Roger Hunt died, a key piece of the famous "phantom goal" 1966 English

Roger Hunt, world champion with England in 1966 and Liverpool’s second all-time top scorer, died on Tuesday at the age of 83.

The former striker was part of the team that won the 1966 World Cup at Wembley, in which he played all six games and scored three goals, and is Liverpool’s top scorer in the English league, with 244 goals. In total he played 492 games with the “Reds” and scored 285 goals, which placed him as the best of the team in the field until the Welshman Ian Rush appeared, who scored 346.

But despite his many conquests, Roger Hunt will be remembered in a special way in England – and also in Germany – for having been the player who, with his celebration, “validated” the famous “ghost goal” of Geoff Hurst in extra time. from that 1966 finale.

With the match at Wembley tied at two and already in extra time, Hurst, author of the only treble in the history of the world finals, controlled a ball inside the area, turned and took a whip that hit the crossbar and rebounded On the line. Hunt, instead of hesitating, going to push the ball, or claim, just celebrated.

His confidence that the ball had crossed the line, in the middle of a Wembley with almost 100,000 people, was one of the arguments that convinced the Soviet Tofik Bakhramov, the linesman, and the Swiss Gottfried Dienst, the referee, to give the goal as valid.

Hunt was the Englishman who best witnessed how Hurst’s ball crossed the lime line or not. “Whenever they ask me, I respond with Roger’s reaction. He ran out to celebrate when he could have pushed the ball himself,” said Hurst when asked about the goal, the 3-2 goal (the game ended 4-2).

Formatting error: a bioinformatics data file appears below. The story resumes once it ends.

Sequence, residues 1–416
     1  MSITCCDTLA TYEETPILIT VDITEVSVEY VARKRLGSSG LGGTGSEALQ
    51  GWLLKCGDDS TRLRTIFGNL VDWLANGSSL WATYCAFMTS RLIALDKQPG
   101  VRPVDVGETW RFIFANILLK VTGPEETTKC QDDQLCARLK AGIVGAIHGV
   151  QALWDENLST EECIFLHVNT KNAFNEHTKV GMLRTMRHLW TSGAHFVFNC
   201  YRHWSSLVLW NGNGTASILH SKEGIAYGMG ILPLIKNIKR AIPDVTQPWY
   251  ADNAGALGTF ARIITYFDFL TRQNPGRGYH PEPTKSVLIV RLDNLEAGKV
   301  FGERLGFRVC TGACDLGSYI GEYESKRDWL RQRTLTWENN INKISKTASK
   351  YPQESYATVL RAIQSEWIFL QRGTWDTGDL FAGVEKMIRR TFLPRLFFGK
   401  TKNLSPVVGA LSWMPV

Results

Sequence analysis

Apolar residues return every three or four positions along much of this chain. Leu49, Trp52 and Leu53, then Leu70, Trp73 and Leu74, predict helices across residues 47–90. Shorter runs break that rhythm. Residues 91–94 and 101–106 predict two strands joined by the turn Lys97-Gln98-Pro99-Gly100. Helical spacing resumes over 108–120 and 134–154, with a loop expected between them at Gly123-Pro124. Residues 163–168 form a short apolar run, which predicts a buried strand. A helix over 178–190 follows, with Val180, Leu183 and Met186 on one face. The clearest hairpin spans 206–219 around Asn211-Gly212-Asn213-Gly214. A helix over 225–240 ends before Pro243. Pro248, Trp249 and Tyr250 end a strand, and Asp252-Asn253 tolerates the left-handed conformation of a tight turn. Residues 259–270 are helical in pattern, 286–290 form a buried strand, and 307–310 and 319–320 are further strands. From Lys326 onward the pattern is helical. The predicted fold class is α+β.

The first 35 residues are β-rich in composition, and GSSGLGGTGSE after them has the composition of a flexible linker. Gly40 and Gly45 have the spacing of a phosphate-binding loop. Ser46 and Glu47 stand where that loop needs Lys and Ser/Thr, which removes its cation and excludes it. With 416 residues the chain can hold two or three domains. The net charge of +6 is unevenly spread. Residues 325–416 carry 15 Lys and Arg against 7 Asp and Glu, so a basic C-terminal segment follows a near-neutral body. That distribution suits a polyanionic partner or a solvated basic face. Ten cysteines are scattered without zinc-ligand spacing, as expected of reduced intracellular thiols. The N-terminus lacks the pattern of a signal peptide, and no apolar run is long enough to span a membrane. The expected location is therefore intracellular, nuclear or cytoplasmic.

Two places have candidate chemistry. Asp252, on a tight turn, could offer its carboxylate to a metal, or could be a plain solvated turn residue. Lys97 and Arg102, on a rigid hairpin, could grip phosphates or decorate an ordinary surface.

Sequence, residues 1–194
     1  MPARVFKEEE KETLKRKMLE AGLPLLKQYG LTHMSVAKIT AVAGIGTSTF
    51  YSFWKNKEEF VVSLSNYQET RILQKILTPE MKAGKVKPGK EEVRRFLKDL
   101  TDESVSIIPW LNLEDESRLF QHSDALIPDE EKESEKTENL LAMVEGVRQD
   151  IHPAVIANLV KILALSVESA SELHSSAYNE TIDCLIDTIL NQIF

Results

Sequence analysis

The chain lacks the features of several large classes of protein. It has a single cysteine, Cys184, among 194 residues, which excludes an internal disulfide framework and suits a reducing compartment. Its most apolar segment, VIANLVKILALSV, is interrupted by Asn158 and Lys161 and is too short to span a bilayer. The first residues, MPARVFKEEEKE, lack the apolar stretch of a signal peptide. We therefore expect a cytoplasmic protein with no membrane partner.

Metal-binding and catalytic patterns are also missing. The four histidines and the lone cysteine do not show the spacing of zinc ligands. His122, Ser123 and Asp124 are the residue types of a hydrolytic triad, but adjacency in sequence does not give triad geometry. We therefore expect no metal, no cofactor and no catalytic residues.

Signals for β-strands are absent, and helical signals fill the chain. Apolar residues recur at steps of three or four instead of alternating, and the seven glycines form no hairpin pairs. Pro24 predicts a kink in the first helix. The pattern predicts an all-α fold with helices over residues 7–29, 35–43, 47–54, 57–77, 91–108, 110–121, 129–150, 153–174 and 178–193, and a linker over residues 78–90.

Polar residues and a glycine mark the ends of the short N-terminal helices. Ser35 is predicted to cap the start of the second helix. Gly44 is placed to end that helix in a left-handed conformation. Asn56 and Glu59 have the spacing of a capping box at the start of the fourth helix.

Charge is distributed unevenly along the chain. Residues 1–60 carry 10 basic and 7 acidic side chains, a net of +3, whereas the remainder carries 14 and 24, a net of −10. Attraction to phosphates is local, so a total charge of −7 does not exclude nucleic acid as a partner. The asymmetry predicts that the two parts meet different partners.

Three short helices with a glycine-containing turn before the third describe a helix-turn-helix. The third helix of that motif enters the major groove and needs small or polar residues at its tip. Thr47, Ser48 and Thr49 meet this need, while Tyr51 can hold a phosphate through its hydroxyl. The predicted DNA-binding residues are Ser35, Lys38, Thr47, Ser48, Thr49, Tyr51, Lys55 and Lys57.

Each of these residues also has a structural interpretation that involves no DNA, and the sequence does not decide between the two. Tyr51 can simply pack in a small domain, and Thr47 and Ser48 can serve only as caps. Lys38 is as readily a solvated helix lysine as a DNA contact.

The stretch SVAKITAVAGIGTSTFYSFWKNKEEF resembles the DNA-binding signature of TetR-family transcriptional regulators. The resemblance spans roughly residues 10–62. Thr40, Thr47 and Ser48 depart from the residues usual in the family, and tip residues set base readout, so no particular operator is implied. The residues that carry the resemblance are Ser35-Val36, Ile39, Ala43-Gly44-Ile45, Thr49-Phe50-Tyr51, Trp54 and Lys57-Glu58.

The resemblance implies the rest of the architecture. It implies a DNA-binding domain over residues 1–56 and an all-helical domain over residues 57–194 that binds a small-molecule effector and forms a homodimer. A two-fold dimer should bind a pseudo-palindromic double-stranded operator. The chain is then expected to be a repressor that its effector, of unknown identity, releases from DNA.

“We are very saddened to learn that Roger Hunt, who was a key member of our winning team in 1966, passed away at the age of 83. Our condolences to Roger’s family, friends and former clubs,” the account tweeted. of the English national team.

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“We mourn the passing of legendary player Roger Hunt. Everyone’s thoughts are with his family and friends at this difficult time,” Liverpool said in a statement.

Hunt came to Liverpool at the age of 21, from an amateur team and with Billy Shankly, who took over the reins of the team just a few months later and rebuilt the glory of a team that roamed the English Second Division.

Known as the “Blonde Bomber”, Hunt was a nightmare for defenders, not only because of his scoring instincts but also because of his tireless hard work. With him in the lead, Liverpool rose to the First Division in 1962 and claimed the 1964 and 1966 season titles. In addition, his goals led the way to victory over Leeds United in the 1965 FA Cup, their first. in the club’s history.

Hunt left Liverpool in 1970, long before the club’s European glory began, but with a huge role in its local resurrection. His tribute, a couple of years later, brought together more than 55,000 people at Anfield and, according to legend, the gates of the field had to be closed hours before to avoid avalanches of people who wanted to fire one of the great legends of the club.


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